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Turkey: trial of Amnesty chair and ex-director resumes, two years since first detained

The trial of Amnesty Turkey’s chair and ex-director, along with nine other human rights defenders, resumes tomorrow

Prosecution summing-up expected

No credible evidence of criminal wrongdoing has been presented over eight hearings

“It is now time to end this judicial farce and acquit Taner and the Istanbul 10” – Kumi Naidoo

Details: The hearing will begin at 09.00am BST on Wednesday 9 October at Istanbul Heavy Penal Court, No 35.

More than two years after they were first detained, the honorary chair and the former director of Amnesty International Turkey and nine other human rights defenders must be acquitted of the absurd charges they still face, said Amnesty International, ahead of their trial which resumes tomorrow in Istanbul. 

Taner Kılıç, Amnesty Turkey’s honorary chair, and İdil Eser, Amnesty Turkey’s former director, are being tried alongside nine others, in relation to alleged “membership of a terrorist organisation”.  

Amnesty UK’s director, Kate Allen, will join a delegation of senior Amnesty representatives attending the hearing.  

Kumi Naidoo, Amnesty International’s Secretary General, said:

“After more than two years and without a shred of credible evidence presented to substantiate the absurd charges made against them, it is now time to end this judicial farce and acquit Taner and the Istanbul 10.

“Over the course of eight hearings, the prosecuting authorities have failed to present any credible evidence of criminal wrongdoing.

“Human rights defenders in Turkey spend their days either languishing in jail or living in constant fear of arrest, prosecution and imprisonment. The Istanbul 10 and Taner should be exonerated, and all those jailed merely for defending human rights must be immediately and unconditionally released.”

Behind bars for defending human rights

Taner Kılıç spent more than 14 months in prison before his release on bail in August last year. Meanwhile, eight of the Istanbul 10 spent almost four months each behind bars before they were bailed in October 2017.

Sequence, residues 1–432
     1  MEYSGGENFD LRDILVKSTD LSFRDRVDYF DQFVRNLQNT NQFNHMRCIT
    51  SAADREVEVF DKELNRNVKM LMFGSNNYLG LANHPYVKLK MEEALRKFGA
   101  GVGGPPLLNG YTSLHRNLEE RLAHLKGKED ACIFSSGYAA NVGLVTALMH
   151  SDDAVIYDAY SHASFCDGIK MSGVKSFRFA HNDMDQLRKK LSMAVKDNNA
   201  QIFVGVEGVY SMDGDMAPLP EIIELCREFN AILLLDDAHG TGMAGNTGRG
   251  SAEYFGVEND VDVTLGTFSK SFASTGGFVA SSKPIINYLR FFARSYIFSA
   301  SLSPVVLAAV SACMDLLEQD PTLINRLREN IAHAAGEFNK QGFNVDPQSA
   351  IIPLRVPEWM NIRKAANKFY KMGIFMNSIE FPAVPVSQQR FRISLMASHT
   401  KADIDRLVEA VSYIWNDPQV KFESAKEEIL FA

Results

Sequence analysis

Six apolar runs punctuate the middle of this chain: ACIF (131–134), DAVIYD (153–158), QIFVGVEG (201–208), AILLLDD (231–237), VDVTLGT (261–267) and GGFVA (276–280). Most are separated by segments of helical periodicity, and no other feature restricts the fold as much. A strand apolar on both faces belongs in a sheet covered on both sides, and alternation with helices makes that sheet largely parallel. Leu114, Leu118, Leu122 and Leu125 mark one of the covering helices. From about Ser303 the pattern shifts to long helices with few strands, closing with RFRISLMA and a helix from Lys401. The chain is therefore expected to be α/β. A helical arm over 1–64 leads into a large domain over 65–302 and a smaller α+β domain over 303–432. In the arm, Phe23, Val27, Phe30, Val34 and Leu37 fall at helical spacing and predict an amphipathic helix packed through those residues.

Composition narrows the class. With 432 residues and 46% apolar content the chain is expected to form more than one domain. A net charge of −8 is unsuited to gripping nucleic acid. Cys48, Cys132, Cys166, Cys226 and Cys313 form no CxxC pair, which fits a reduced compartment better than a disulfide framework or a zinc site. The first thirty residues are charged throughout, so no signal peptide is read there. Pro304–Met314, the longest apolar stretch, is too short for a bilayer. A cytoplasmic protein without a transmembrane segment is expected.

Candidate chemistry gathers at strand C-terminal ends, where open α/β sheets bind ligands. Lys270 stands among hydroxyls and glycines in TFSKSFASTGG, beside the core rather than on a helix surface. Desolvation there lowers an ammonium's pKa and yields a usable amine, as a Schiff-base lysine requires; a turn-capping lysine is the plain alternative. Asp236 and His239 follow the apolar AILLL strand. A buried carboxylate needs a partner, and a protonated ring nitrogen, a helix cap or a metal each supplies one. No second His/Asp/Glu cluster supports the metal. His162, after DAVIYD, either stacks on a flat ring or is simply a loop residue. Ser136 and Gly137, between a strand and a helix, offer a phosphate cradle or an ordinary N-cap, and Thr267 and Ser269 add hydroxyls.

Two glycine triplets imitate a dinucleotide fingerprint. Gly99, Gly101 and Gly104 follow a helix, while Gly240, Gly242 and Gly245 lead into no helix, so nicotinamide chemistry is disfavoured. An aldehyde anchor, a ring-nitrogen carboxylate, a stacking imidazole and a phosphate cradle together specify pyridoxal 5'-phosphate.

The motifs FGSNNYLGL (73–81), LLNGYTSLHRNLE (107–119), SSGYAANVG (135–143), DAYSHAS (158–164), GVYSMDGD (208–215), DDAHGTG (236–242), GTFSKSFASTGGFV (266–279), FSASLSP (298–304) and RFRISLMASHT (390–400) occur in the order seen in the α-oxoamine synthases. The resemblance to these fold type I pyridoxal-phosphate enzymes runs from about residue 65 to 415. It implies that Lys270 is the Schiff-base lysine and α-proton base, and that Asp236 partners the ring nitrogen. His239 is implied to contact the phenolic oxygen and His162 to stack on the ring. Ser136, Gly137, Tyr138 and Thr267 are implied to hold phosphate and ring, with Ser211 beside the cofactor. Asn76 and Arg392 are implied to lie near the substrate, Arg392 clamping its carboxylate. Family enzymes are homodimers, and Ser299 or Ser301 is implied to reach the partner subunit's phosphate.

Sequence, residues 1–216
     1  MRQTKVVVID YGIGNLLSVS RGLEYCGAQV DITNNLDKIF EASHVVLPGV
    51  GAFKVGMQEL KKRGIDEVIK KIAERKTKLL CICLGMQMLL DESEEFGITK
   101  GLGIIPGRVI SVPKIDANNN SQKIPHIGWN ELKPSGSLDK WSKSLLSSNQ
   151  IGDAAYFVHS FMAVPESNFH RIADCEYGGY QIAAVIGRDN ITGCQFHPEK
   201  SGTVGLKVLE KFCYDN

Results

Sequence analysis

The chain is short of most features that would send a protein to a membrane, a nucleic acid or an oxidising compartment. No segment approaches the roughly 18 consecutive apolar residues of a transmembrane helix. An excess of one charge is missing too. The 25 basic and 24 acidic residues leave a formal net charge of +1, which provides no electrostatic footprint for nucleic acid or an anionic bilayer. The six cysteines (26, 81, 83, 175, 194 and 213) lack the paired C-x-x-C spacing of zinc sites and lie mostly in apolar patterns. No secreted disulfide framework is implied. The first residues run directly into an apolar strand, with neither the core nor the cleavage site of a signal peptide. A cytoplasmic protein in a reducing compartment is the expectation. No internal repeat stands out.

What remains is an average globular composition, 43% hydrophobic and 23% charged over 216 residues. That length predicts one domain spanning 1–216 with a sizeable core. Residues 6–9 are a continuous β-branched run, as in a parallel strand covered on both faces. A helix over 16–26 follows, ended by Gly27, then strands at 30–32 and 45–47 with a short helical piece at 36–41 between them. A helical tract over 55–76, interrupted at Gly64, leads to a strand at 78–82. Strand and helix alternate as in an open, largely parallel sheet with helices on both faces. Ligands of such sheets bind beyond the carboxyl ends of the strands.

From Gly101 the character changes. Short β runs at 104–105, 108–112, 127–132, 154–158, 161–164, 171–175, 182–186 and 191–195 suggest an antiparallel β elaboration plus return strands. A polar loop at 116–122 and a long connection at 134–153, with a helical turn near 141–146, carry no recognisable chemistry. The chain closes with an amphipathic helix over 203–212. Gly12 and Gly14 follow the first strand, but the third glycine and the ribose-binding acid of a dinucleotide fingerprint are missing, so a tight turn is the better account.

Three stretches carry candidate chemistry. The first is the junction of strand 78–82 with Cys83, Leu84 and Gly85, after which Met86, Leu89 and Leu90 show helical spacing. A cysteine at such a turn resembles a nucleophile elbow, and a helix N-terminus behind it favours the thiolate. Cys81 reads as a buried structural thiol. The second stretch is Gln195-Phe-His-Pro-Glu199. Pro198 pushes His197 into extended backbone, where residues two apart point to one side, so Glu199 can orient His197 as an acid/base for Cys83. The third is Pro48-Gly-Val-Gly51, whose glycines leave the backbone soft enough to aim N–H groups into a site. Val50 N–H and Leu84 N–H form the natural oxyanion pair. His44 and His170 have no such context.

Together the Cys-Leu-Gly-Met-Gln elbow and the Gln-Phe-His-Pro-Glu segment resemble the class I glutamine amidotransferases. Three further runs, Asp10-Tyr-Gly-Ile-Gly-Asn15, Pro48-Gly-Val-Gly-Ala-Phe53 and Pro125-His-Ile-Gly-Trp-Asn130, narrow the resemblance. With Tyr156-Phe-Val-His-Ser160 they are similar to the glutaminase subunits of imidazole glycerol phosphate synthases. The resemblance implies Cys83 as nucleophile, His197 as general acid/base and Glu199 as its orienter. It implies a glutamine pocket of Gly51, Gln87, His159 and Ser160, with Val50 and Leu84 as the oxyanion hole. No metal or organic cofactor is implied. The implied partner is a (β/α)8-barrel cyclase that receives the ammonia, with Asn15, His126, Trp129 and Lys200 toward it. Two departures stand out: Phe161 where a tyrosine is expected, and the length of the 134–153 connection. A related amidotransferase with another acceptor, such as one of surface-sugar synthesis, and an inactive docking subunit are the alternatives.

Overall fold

The prosecution has failed to produce any evidence of criminal wrongdoing, let alone ‘terrorism’, during more than two years of this prosecution.

The prosecution’s case against Taner Kılıç relied on the allegation that he had the ByLock application on his phone. ByLock is an application that the Turkish authorities claim was exclusively used by members of the Fethullah Gulen Terrorist Organisation, which they accuse of having organised an attempted coup in July 2016.

In June 2018, months after their arrest, a 15-page police report was finally submitted to the court. The report - seen by Amnesty - showed there was no evidence that Taner Kılıç ever had ByLock on his phone. This corroborates the findings of four independent forensic reports previously submitted to the court. All found no evidence that Kılıç had downloaded or used the app.

An international delegation of senior Amnesty International representatives from around the world is attending the hearing in Istanbul, including: Kate Allen, Director of Amnesty UK; John Peder Egenaes, Director of Amnesty Norway; Esteban Beltrán, Director of Amnesty Spain, Anna Lindenfors, Director of Amnesty Sweden.

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